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+2 votes
"What is the relevance of anarchist ideas, methods, within the context of a larger decolonial struggle? Can anarchism offer any insight which can be useful to decolonization? If it can, what are those insights?"

(I came across this question elsewhere, and think this site might offer radically different responses... promise I'm not trollin')

Conversely, are there any useful insights from decolonization theories for anarchists?

3 Answers

+3 votes
i look forward to other people's answers to this question (although i'm not sure that this is actually the best site for this question at the moment - since this is an offshoot of a local/bay area controversy, *as well as being a totally valid question on its own*)...
but here are some thoughts on the topic.

a. asking what the relevance of anarchist ideas and methods are on an anarchist site is either simplistic (not saying that to be hostile...), or its asking us to help mystify non-anarchist projects. (just as pointing out what undercover cops do wrong allows future undercover cops to hide better.)
but in the interest of good faith conversation - i will just say that projects that are not anarchist, can learn from anarchists about the problems of hierarchy and believing in other people more than you believe in yourself, and the historical precedents of that kind of behavior, both internally and socially.

b. to the extent that anarchists don't promote a grand plan, but fight where they are against both big and little structures of domination (?better word?), then yes, absolutely it is still called anarchism regardless of what it exists because of, or within. anarchism (for me, i know this is different for other people) is not a winning strategy. it is an acknowledgement that things are so deeply fucked up that all we can do is the best that we can do, and that we do it anyway, because our desires are important enough to stand by - even in the face of overwhelming odds.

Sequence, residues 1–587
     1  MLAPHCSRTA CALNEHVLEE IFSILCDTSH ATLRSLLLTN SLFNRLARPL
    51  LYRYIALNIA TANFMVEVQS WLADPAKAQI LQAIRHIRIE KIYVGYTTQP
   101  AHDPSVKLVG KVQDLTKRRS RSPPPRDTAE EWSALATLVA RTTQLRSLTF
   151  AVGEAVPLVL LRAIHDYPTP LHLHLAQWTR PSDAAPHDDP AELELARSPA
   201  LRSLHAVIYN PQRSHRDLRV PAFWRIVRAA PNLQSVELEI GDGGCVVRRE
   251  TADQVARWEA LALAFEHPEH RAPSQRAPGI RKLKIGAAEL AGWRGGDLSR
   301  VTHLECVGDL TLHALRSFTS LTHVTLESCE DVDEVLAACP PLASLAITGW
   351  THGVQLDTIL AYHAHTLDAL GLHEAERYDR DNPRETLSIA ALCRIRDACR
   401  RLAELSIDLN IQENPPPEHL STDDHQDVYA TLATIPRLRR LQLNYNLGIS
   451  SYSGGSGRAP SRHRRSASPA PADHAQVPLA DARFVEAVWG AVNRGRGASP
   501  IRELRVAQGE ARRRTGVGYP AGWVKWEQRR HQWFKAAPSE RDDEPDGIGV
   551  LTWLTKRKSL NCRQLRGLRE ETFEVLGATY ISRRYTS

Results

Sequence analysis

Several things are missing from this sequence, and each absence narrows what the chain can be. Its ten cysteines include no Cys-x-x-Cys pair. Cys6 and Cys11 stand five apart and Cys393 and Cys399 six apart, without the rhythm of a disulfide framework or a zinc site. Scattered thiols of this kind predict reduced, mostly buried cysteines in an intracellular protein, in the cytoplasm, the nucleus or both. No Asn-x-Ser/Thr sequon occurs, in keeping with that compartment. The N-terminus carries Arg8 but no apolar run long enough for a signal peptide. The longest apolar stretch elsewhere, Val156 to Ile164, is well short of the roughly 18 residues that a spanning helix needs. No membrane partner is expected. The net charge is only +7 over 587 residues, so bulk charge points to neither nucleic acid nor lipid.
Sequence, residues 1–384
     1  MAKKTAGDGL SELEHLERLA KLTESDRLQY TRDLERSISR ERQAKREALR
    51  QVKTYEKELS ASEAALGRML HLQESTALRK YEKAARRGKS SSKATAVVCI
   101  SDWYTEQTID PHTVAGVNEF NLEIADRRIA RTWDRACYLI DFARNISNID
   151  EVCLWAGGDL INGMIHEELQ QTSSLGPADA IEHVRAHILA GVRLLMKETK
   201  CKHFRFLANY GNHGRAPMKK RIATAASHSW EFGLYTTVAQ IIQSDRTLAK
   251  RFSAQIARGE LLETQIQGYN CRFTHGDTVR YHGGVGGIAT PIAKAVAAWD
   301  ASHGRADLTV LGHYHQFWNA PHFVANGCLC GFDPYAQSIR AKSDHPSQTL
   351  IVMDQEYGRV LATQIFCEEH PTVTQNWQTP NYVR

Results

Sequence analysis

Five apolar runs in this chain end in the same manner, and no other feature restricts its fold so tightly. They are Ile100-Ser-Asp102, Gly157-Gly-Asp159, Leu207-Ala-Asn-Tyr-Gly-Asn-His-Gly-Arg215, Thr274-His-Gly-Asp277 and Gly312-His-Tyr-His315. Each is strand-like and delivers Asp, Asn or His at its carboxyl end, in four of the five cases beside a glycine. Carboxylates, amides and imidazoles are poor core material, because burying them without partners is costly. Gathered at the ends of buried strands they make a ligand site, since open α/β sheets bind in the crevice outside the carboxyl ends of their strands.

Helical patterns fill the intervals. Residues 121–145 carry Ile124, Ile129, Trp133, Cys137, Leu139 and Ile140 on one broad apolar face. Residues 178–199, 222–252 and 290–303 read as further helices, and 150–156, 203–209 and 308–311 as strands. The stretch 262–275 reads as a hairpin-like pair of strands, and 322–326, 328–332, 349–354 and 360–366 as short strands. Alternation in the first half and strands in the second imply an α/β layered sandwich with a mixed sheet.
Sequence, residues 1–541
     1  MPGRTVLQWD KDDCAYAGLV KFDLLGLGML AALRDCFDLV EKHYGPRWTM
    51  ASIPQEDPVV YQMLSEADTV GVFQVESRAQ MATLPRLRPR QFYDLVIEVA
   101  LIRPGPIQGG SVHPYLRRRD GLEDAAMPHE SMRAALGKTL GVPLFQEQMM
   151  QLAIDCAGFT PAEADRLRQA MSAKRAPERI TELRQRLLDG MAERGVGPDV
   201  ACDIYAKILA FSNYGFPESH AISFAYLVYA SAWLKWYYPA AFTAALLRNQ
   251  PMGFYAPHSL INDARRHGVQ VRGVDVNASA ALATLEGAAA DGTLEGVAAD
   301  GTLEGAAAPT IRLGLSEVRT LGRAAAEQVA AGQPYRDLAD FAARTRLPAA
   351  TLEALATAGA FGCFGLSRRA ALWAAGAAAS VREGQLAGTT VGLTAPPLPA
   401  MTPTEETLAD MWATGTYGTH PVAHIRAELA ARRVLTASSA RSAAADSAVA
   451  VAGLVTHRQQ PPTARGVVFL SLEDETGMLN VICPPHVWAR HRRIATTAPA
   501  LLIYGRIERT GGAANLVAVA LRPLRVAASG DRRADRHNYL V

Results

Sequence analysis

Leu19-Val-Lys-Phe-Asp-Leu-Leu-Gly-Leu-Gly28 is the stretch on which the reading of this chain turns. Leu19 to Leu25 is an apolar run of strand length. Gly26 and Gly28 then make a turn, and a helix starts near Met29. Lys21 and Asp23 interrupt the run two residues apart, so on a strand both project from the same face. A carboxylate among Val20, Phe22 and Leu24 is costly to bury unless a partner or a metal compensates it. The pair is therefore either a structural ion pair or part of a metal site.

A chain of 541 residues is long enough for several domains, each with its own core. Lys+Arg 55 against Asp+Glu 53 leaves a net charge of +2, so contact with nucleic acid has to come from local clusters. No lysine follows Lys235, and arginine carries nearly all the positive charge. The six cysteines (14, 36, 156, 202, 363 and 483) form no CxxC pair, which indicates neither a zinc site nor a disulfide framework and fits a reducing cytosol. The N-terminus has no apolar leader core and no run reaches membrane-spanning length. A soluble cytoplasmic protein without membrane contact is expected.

c. again, speaking for myself, theories on and talking about decolonization, racism, sexism, gender, genocide, etc. are definitely useful to the extent that they encourage us to remember bodies; it's not hard to become abstract when dealing with really big fights that exist on multiple levels at all times, and that implicate all of us so deeply (as constructions of power do to all of us).
bodies, territories, specifics are important because context is important, and the things that remind us of context are crucial.

d. the issue that i have with decolonize (similar to points i have made elsewhere about feminism, etc) is that the word is now so loaded, and so contradictory in some of its definitions, that it is not useful. some people hear a criticism of feminism as being a criticism of an anti-sexist practice, for example, and respond as emotionally and vigorously as if that were true. this makes conversations more complicated and less interesting/useful then if other words were used. (and of course when other words are used, then people don't engage in the conversation at all. this means that there is no opportunity to engage in a conversation where actual communication happens.)

edited to add a period. lol.
by (53.1k points)
edited by
+1 vote
From my perspective anarchist ideas are what truly undermines the colony.  The colony has always been a specific form of organization originating out of mechanical philosophers such as Descartes and Hobbes who used the mechanical metaphor (the heart as a machine, the social body as machine) as the outline and construction of the state. Put simply, the state form of organization is the colony, embodying a complicated set of relationships and reason for existence, justified by words like "progress," "modernization," and "development." This is roughly how I approach this question and ask, "What is decolonization?" Implying, how do we break the colony, its racism, sexism, and generalized inclusion into a system or regimented order--how do we create our own relationships and maintain autonomy, and live a dignified and content life? Not to forget, how do we deal with a system that coerces us, humiliated us, and in many ways just socialized us to a way of life that was not of our choosing, or better imposed choices--providing a menu or framework of choice and life.